Washington votes to raised tipped workers’ wages

Voters in the US capital Washington have approved a policy to gradually raise the minimum wage that tipped workers receive

Washington (AFP) – Voters in the US capital Washington approved a measure Tuesday to require businesses to pay tipped workers at least $15 per hour as a base hourly wage by 2025.

The Minimum Wage Amendment Act, or “Initiative 77” as the ballot measure is known, has divided restaurant employees and owners and sparking a heated debate in Washington.

It passed with 55.14 percent support, according to the District of Columbia Board of Elections.

Opponents of the measure argued that it would cause menu prices to rise and tips to decline, hurting both restaurant owners and the servers the move is designed to protect.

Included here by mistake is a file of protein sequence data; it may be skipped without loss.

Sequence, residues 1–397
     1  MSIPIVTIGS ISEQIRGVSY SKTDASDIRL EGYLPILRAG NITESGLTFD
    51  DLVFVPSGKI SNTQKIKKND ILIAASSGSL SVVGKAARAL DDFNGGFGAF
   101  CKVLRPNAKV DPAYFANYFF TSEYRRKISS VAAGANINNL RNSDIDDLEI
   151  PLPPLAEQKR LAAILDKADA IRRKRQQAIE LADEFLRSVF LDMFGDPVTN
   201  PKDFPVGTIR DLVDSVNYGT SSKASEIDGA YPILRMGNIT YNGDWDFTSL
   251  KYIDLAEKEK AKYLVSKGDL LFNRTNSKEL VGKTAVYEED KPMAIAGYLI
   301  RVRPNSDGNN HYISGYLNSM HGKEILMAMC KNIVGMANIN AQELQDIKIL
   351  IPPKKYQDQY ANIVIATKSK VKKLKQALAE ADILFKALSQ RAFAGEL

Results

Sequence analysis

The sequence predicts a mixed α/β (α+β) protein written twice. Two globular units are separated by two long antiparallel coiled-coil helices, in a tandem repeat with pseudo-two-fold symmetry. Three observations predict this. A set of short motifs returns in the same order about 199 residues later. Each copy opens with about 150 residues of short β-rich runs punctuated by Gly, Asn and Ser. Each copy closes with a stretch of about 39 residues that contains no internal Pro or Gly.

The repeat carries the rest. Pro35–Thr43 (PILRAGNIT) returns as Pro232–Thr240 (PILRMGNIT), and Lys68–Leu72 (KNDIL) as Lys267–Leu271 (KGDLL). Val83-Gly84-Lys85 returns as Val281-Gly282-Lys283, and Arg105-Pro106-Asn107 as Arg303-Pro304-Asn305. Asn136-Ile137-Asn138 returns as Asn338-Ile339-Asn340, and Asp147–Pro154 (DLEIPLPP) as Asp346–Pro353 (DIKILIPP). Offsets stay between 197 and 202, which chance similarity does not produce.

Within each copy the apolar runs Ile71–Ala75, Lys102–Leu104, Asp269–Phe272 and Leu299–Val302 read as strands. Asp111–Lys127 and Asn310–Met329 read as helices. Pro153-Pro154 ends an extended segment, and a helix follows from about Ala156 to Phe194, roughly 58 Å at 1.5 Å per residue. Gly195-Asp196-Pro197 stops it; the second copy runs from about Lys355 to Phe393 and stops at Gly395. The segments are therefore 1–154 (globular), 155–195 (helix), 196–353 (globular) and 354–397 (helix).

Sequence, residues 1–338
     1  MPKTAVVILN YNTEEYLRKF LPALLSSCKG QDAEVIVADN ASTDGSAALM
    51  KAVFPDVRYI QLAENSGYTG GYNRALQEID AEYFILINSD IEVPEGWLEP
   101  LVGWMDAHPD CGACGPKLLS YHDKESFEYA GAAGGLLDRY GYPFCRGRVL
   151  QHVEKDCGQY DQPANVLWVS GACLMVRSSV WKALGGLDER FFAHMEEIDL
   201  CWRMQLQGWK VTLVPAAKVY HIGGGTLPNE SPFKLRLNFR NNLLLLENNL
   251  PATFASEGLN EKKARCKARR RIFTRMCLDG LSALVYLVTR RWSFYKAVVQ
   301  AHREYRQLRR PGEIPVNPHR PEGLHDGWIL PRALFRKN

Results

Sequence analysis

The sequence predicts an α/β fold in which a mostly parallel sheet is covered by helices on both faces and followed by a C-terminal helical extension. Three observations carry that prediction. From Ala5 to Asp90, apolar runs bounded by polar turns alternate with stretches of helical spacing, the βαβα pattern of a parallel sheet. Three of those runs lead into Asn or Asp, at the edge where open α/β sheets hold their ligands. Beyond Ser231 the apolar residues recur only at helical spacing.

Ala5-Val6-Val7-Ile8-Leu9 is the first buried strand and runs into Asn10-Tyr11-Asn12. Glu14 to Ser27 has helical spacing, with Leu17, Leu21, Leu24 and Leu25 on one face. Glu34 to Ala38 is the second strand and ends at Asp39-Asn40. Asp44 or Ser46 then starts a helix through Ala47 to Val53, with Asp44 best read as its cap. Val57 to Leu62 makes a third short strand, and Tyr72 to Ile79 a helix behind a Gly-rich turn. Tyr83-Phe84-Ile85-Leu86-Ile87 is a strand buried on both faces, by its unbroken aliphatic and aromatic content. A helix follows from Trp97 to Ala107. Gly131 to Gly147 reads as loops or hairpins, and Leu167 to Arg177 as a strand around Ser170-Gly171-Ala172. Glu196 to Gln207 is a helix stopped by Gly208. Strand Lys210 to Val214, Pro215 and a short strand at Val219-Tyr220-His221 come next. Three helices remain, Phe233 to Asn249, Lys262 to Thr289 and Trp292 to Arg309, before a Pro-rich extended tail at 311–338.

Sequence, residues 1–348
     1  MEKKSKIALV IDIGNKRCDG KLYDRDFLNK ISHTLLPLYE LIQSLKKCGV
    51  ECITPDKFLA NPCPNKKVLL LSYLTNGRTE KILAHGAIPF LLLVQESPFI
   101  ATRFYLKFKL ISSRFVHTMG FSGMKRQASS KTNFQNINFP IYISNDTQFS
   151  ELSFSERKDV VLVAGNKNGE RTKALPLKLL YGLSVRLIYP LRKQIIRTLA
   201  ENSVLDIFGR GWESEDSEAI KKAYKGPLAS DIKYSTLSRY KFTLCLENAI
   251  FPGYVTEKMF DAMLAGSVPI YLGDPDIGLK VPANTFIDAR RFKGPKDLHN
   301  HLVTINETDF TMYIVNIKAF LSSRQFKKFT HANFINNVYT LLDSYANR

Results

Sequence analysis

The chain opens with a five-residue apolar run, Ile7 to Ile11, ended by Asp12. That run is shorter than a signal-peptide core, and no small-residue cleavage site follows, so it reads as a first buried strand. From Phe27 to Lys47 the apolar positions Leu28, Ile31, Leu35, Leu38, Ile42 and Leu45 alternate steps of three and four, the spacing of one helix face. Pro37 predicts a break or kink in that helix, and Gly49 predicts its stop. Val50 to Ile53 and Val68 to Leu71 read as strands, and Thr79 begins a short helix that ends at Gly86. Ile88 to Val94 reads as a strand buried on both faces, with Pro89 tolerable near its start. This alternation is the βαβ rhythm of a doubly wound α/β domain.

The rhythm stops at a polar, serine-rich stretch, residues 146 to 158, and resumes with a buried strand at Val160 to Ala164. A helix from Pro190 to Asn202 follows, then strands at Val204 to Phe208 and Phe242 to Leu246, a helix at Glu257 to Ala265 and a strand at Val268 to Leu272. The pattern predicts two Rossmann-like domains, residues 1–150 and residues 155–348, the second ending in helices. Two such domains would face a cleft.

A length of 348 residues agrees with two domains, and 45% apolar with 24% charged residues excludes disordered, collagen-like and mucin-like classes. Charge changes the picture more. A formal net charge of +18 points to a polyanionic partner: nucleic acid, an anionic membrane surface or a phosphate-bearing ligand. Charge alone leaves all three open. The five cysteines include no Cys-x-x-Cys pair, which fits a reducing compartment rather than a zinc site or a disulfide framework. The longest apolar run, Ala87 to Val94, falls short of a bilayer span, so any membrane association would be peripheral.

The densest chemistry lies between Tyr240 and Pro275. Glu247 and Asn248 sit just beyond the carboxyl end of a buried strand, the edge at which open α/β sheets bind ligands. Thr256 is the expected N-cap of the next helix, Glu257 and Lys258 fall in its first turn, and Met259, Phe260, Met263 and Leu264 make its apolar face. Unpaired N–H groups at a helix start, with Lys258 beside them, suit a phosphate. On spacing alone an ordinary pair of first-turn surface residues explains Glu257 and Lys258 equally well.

Employers of tipped workers are currently exempt from paying the standard minimum wage, and some waiters and waitresses are paid as little as $3.33 an hour.

But many tipped workers are against the legislation because they currently earn most of their money through tips, and they argue that a decrease in tipping — due to increased prices — could severely affect their income.

Employers are currently legally required to make up the difference between an employee’s earnings and the full minimum wage, which is currently $12.50, if their tips fall short.

But Christopher Maggiano, a Washington small business owner who supported Initiative 77, as the measure is known, said “this is difficult to enforce” with a high rate of noncompliance.